First they are not marginal. Ultralights are designed to have the same structural strength as regular normal category aircraft. A major reason people fly them is the lower cost. In spite of what critics might say by comparing the cost of an old worn out conventional aircraft with a new ultralight, the average cost of owning and flying an ultralight is much less than conventional aircraft. Also, some people can never fly real airplanes because they can't pass the medical requirements. The most important reason people fly ultralights is because they are FUN ! The slow flight, often open cockpit, and light responsive handling make them more like a motorcycle of the air than car in the sky. One final reason (in the USA) is freedom from excessive regulations.
Conventional pilot training is a tremendous asset when learning to fly ultralights but some habits will have to be changed. They have much less mass and inertia and thus do not retain airspeed as long as other aircraft. Control response time is often quicker so the regular pilot may tend to flare for the landing much to early. Also, headwinds and crosswinds have a much greater effect and can more easily spoil your navigation and use up all your fuel. Ultralights really should always be flown such that there is a safe emergency landing area within gliding distance. The pilot should be comfortable making power-off landings. You should get at least a few flights in a 2-seat ultralight and some ground school covering 2-strokes engines and ultralight regulations.
All 2-place ultralights in the USA fall under special categories. The normal ultralight pilot cannot fly a 2-place ultralight. An FAA certificated pilot can fly a 2-place ultralight provided it is registered with the FAA, displays an N-number marking. and meets the other requirements of an AIRCRAFT. Except for these [Image] 2-place trainers, all 2-seat ultralights are considered AIRCRAFT and are subject to all the pertinent FAA regulations about registration, airworthiness, and pilot certification.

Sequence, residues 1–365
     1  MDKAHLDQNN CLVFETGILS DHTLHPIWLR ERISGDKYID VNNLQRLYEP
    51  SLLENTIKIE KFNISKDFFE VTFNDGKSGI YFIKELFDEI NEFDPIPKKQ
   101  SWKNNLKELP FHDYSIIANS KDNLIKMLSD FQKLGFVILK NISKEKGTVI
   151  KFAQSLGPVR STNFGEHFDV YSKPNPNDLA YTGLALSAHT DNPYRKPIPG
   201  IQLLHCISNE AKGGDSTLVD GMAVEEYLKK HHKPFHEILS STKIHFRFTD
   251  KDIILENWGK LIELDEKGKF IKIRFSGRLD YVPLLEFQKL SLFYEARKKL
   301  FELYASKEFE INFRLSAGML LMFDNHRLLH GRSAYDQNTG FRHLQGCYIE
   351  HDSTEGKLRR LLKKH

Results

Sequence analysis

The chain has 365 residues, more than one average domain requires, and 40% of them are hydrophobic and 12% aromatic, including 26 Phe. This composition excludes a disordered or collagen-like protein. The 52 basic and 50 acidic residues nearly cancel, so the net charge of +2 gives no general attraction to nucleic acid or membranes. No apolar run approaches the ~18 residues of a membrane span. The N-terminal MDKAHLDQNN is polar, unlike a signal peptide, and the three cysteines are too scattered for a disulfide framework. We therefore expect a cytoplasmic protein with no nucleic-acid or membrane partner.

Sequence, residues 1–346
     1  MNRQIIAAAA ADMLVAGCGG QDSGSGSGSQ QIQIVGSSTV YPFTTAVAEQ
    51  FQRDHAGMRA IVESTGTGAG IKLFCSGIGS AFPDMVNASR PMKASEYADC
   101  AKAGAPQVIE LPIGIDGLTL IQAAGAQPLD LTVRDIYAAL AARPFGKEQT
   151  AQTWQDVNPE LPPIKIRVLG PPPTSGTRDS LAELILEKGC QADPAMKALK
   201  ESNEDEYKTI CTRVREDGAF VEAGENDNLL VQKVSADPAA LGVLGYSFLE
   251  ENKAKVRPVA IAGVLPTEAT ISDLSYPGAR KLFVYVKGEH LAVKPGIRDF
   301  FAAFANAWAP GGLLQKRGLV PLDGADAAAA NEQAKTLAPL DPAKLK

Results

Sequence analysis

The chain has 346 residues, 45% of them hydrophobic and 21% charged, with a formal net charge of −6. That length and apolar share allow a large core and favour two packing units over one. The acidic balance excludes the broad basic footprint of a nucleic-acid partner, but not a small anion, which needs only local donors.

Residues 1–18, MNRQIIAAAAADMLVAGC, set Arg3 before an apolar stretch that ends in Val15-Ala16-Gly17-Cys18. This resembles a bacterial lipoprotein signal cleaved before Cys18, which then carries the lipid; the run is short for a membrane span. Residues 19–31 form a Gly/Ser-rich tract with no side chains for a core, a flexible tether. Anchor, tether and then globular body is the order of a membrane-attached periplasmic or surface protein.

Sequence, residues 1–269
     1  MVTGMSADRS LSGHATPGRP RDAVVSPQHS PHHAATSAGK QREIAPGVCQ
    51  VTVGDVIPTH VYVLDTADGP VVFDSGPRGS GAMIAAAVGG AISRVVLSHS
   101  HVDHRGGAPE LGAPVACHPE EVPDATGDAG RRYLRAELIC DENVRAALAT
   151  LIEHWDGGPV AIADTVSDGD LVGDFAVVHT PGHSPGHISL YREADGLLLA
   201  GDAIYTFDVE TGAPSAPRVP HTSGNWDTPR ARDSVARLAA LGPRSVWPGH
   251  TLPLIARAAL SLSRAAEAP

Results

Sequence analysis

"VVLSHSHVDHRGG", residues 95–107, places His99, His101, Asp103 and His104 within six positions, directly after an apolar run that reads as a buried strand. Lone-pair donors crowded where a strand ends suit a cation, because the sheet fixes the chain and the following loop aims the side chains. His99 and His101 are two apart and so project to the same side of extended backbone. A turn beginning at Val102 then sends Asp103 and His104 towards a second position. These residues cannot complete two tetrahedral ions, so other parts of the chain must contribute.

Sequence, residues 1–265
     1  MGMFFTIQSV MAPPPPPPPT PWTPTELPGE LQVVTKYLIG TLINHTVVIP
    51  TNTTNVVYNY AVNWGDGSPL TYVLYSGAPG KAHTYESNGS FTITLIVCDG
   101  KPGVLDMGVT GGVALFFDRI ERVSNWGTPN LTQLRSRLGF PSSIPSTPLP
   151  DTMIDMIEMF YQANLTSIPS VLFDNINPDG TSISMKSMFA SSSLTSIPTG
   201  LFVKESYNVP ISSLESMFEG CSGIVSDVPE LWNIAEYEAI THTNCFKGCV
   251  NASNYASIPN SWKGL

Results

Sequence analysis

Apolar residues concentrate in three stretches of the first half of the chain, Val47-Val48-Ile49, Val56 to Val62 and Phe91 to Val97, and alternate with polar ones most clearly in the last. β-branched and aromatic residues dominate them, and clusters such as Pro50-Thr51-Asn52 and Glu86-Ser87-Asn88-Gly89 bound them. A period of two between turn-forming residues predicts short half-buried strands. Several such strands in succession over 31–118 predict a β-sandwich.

Probably the most common 2-seat ultralight-type AIRCRAFT is the 51% Amateur-built, registered in the experimental category. These aircraft will have the FAA "N-number" marking on the fuselage or tail, and will have the word "EXPERIMENTAL" near the cockpit where it can be seen by passengers as they enter. The pilot must hold a FAA Private or Recreational license or better. An FAA student pilot could fly such a machine SOLO ONLY, if under the direct supervision of a CFI.
A new type is the 2-seat ultralight-type AIRCRAFT registered in the new Primary category as a "Sportplane". These are FAA certified kitplanes which will have FAA "N-number" markings but do not have the EXPERIMENTAL placard. The Quicksilver GT-500 was the first to qualify. Pilot requirements are the same as above.